The Great Year by Direwolves

Release date: May 26, 2017
Label: Throatruiner Records

Direwolves have been smashing the modern post-hardcore / screamo scene for quite some time now, and The Great Year shows that they have lost none of their fire, and have learned some new tricks since their last release, the fantastic 2014 full length Aegri Somnia – which is also highly recommended, if you haven’t checked it out yet. This mini-album consists of 6 songs which zip by in 19 minutes, but which manage to pack in more emotional resonance than most full-length albums.

The overall sound of the record is reminiscent of the epic and spiky post-hardcore of label-mates Birds In Row, crossed with the massive sound of scream heroes such as Jeromes’ Dream and latter day Neil Perry, with touches of the post-metal leanings of fellow countrymen Aussitot Mort, and a slightly unexpected flavour of sadly defunct post-metal band Light Bearer in the tone of the guitars, especially in some of the slower sections – see the gorgeous and emotional mid-section to standout song ‘Road to Metnal’ for example – it’s part Light Bearer restraint and part Deftones scale and an unexpectedly beautiful ending to a song that starts with conventional d-beat bluster. It’s a surprisingly luscious and complex aural palette to engage with, for what is ostensibly a punk rock band. The passion with which the vocals are screamed adds an additional level of authenticity to the music; lyrically the record is in a pretty dark place, with themes of depression and isolation, and the throat-shredding delivery emphasises this, sounding both furious and vulnerable at the same time.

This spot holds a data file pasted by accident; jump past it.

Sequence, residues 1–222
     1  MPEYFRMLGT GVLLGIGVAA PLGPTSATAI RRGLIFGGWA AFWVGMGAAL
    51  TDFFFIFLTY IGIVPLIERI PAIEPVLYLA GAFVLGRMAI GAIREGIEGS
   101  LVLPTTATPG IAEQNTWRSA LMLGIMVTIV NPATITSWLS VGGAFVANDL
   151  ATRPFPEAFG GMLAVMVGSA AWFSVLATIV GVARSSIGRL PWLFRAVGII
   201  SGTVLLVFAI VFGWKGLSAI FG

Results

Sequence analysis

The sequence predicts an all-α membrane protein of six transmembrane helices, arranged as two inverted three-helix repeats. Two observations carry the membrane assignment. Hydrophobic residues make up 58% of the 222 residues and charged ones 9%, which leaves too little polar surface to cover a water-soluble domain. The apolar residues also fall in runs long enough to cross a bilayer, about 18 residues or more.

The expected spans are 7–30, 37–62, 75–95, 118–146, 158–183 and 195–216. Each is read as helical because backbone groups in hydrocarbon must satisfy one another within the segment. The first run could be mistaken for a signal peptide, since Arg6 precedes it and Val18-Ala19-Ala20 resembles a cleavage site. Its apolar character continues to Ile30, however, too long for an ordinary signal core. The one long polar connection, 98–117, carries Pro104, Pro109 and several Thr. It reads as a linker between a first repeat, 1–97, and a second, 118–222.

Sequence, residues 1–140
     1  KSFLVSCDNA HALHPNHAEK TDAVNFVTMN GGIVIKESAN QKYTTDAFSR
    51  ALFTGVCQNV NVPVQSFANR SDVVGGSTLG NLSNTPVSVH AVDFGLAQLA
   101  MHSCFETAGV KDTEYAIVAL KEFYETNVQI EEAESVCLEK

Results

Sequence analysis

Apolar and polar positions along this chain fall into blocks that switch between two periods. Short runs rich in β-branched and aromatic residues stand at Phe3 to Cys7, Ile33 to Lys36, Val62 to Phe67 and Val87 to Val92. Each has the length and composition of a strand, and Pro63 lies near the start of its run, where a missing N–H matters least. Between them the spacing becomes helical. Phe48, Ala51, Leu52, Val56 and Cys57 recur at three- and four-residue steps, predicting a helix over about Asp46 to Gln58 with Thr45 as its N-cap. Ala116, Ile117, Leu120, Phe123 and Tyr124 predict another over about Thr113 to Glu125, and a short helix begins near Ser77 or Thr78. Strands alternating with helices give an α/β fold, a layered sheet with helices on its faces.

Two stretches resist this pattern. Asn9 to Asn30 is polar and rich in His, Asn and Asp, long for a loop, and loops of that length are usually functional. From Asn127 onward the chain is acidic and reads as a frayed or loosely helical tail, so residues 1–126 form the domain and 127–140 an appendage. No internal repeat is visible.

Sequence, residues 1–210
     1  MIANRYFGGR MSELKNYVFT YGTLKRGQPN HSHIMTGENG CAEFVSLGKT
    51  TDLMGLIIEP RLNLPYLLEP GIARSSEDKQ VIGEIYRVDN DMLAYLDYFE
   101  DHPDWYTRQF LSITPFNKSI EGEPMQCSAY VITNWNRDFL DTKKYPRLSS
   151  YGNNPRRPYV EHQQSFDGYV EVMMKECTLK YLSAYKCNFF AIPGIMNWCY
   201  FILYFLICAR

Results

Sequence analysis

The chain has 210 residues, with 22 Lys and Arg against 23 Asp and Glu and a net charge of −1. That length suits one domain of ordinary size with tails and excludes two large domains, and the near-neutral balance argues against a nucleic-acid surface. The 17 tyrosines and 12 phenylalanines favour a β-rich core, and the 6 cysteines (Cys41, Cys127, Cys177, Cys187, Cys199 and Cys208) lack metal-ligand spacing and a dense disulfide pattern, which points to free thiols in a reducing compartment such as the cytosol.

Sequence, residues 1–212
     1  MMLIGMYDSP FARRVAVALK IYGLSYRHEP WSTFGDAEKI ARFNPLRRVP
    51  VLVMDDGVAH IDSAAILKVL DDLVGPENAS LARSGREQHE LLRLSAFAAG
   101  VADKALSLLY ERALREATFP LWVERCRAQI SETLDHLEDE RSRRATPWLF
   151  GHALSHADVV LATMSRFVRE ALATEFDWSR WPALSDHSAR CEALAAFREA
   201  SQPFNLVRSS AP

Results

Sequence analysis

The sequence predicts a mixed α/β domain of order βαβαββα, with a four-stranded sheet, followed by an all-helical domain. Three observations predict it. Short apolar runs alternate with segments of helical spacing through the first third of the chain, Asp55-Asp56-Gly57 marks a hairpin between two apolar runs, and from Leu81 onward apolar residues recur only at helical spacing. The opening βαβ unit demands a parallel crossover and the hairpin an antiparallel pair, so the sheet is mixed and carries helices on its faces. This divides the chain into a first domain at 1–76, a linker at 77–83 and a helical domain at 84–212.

‘Unpoisoned’ is a wonderful opener – urgent and aggressive, underpinned by powerful drums but with a groovy and melodic chorus section which is reminiscent of self-titled era Deftones which really gets the head bobbing. The production on the record is great; well positioned and powerful drums drive through the thick guitars and bass, and the vocals are nestled in the mix – perfectly audible but still giving that feeling that the voice is fighting the other instrumentation, again adding authenticity to the furious delivery. The guitar tone is part aggressive hardcore and part sludgy post-metal, creating a scale and space that some post-hardcore records miss; this is used to real effect during the chorus and closing section of ‘From Tomb to Womb’ as the track slows to a lumbering crawl, with some lovely tremolo picking proving momentum and tone. ‘Ascent’ is built around a cracking riff which appears about half way through – post-hardcore is sometimes guilty of forgetting about the simple joy of ‘the riff’, but not Direwolves. I genuinely pulled a face the first time I heard it.

Even more impressively the band demonstrate a palpable restraint by not overusing this device, and actually pulling back to a muted outro, maintaining the intensity and impact. It’s smart song-writing that encourages the listener to go and hit the replay button. Also – I don’t usually comment on such things, but the artwork is fantastic. I don’t usually buy 12” LPs for anything less than a 30 minute runtime, but I will for this because the art is just so good!

Overall, The Great Year is a triumph of a record. Every ingredient is great – humble songwriting that understands the value of dynamics and can deliver an emotional punch, passionate performance, spot-on production that accentuates the former and a lovely piece of art to look at while drinking in the sound. My only complaint is that I wish it was a full-length and I fervently hope we won’t have to wait another three years to get more. It is a passionate, emotive ride through 19 minutes of angst, delivering a pitch perfect blend of angry d-beat style hardcore, emotional post-hardcore and soaring Deftones style alt-metal tones that pulled me in from the first chord to the until the final sound faded in my headphones. Definitely recommended.

Pin It on Pinterest